Several people have complained that I no longer do full write-ups of our Casa S dinners, having opted for a scattering of more detailed, individual recipes of dishes that have been particularly successful. On the other hand, when I was doing full write-ups, roughly the same number of people (possibly the same people, now that I think about it) complained that it was boring to read through descriptions of each week’s dinners, particularly since a couple of years ago we stopped doing the, more or less, never repeat a dish routine. We actually never had a never repeat a dish routine, but there was definitely less repetition prior to settling on what has become our style of cooking with its Andean and Mediterranean combo-bent.
So, I’m not going to go back to a weekly write-up, but an occasional, shorter one, particularly where I don’t feel like I’ve honed down any one particular recipe to what will turn out to be its more final version, may be in order. Mostly, I’m going to stick with the plate-by-plate recipe approach, which is also helping codify the long awaited Casa S cookbook, which is now pretty much written other than filling in some of the recipes.
I realize that this is not nearly as pretty as the animated version of a confit bayaldi as was passed off as ratatouille in the film of the same name, but it’s my version. Alternating slices of eggplant, zucchini and tomato roasted in a covered tray over a bed of chopped bell pepper, onion and garlic; a polenta and romano cheese crisp on the side; several tablespoons of a spicy dressing of brown sugar, peperoncino, anchovy, pink peppercorn and smoked mustard, and a toasted crumble of panko crumbs and serrano ham.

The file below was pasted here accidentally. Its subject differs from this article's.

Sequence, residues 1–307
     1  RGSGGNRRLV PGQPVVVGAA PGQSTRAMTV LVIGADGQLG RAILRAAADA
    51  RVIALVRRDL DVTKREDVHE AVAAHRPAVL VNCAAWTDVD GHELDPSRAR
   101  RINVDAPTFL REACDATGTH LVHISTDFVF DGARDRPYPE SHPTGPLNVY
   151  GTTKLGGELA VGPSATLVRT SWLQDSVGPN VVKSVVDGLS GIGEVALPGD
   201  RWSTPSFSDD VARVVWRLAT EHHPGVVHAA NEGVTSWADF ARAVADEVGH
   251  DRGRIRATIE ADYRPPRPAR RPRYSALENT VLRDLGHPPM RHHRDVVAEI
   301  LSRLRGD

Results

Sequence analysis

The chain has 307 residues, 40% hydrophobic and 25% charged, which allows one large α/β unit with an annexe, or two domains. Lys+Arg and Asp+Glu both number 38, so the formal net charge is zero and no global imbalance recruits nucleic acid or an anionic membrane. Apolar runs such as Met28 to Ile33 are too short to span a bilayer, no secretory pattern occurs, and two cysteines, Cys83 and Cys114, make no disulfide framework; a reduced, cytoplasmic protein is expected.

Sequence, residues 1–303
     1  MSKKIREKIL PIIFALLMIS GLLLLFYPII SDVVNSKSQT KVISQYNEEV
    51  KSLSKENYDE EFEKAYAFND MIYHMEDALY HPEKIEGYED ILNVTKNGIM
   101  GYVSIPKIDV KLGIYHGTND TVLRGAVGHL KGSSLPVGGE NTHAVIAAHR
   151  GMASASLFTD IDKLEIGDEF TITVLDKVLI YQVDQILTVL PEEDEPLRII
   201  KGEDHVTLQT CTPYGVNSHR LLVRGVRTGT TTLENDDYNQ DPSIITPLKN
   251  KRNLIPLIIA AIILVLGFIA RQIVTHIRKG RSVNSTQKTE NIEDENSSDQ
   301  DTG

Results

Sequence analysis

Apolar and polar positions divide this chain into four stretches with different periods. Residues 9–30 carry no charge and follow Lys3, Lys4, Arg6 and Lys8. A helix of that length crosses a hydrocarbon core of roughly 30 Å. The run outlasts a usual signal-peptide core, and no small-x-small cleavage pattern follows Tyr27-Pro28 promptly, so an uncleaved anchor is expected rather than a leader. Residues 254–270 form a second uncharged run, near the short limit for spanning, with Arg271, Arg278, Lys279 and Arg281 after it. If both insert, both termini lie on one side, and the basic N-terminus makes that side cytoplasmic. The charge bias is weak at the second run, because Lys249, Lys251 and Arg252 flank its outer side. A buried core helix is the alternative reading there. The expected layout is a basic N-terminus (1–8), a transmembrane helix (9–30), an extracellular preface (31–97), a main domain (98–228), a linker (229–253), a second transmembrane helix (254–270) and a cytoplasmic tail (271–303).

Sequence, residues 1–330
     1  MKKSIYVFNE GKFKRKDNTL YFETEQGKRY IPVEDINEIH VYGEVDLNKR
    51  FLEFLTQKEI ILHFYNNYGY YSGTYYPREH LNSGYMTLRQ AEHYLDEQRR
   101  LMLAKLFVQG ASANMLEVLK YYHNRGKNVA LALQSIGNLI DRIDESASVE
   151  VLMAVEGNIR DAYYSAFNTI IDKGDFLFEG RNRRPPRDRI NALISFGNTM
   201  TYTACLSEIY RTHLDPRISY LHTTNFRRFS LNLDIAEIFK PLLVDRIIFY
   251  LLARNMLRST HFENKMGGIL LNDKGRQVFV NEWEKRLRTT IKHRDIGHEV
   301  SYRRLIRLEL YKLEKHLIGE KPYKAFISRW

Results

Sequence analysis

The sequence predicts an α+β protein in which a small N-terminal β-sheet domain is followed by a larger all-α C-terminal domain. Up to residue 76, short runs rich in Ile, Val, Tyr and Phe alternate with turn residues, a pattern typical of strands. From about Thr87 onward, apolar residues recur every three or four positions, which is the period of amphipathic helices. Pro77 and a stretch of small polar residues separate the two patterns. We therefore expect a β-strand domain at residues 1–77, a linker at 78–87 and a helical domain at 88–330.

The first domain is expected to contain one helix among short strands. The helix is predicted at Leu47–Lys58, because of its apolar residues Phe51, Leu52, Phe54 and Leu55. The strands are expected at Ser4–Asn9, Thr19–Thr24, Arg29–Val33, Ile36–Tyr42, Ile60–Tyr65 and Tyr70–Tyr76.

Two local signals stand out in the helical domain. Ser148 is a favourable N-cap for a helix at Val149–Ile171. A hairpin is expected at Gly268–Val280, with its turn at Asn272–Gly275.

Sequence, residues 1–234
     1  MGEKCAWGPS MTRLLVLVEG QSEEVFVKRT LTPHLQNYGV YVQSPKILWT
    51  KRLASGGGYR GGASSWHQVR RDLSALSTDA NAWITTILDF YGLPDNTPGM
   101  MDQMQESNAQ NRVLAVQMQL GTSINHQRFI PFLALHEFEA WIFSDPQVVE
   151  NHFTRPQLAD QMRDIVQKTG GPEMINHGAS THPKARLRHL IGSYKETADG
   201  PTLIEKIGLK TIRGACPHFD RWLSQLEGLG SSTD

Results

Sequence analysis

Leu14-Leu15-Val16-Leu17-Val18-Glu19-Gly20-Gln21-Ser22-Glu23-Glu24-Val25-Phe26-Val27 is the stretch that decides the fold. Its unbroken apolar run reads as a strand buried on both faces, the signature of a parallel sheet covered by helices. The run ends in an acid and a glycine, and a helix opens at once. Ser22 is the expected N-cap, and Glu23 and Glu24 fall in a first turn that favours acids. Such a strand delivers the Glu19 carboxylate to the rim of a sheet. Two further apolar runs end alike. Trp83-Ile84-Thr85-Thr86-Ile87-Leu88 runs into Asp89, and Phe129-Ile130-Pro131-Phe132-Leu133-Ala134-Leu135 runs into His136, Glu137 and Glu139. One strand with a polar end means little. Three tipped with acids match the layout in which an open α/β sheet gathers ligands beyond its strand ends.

A completely new dish, inspired by one of the nigiri sushi that I tried at Osaka Puerto Madero last month. Here, jibia (Humboldt squid) tentacles pachamanca (braised in beer, beef stock, olive oil, red wine vinegar, cumin, cilantro, oregano, huacatay, garlic) for about an hour and a half until tender. Served over a corn puree, with a saute of yuca, sweet potato, peas, and corn “planks”; drizzled with a reduction of of the braising liquid finished with a little butter, and scattered with cilantro leaves and thin rounds of ají limo chilies.
Quickly sauteed rubio (more properly rascacio rubio), a type of rockfish that we only get for a short period each year (tried the dish out with a type of shark one night, cazón, but wasn’t happy with the texture of the fish in the final plating). Served over a mushroom stock “ajillo“, or garlic sauce, and a bed of roasted mushrooms. Accompanied by a little puff pastry filled with spicy mushroom filling, roasted kale chips, and thin slices of red onion and rocoto chilies.
And, finished off the menu with a kumquat, cashew and brazil nut caramel tart; white chocolate and Hesperidina mousse; orange infused sugar syrup.
That should be enough to keep you for a short while, no?
Oh, and just an additional note – because we only reduced enough of the pachamanca braising liquid to create a thickened sauce for the squid dish, we had a couple of liters of it leftover, and Sunday afternoon “dinner” was a pachamanca de pollo for ourselves and visitors – a whole chicken, cut up, braised in half the liquid, onions, corn and sweet potatoes in the other half, and a little “salad” topping of cilantro, red onion, and serrano chilies tossed with vinegar and salt to top the whole thing.